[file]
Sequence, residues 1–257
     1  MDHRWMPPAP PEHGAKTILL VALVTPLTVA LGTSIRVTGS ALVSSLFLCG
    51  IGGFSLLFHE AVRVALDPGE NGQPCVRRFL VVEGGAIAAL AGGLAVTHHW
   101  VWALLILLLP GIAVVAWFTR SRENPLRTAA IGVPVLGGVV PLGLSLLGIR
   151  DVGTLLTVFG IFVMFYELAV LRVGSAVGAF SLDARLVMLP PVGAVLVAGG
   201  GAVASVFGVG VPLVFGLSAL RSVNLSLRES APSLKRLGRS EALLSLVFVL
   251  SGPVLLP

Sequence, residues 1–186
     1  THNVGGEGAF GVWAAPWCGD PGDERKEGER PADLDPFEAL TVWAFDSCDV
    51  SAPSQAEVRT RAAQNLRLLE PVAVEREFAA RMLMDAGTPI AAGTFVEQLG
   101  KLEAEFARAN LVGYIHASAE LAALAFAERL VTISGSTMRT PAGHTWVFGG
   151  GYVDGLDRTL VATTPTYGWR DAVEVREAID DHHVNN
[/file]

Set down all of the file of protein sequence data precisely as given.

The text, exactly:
Sequence, residues 1–257
     1  MDHRWMPPAP PEHGAKTILL VALVTPLTVA LGTSIRVTGS ALVSSLFLCG
    51  IGGFSLLFHE AVRVALDPGE NGQPCVRRFL VVEGGAIAAL AGGLAVTHHW
   101  VWALLILLLP GIAVVAWFTR SRENPLRTAA IGVPVLGGVV PLGLSLLGIR
   151  DVGTLLTVFG IFVMFYELAV LRVGSAVGAF SLDARLVMLP PVGAVLVAGG
   201  GAVASVFGVG VPLVFGLSAL RSVNLSLRES APSLKRLGRS EALLSLVFVL
   251  SGPVLLP

Sequence, residues 1–186
     1  THNVGGEGAF GVWAAPWCGD PGDERKEGER PADLDPFEAL TVWAFDSCDV
    51  SAPSQAEVRT RAAQNLRLLE PVAVEREFAA RMLMDAGTPI AAGTFVEQLG
   101  KLEAEFARAN LVGYIHASAE LAALAFAERL VTISGSTMRT PAGHTWVFGG
   151  GYVDGLDRTL VATTPTYGWR DAVEVREAID DHHVNN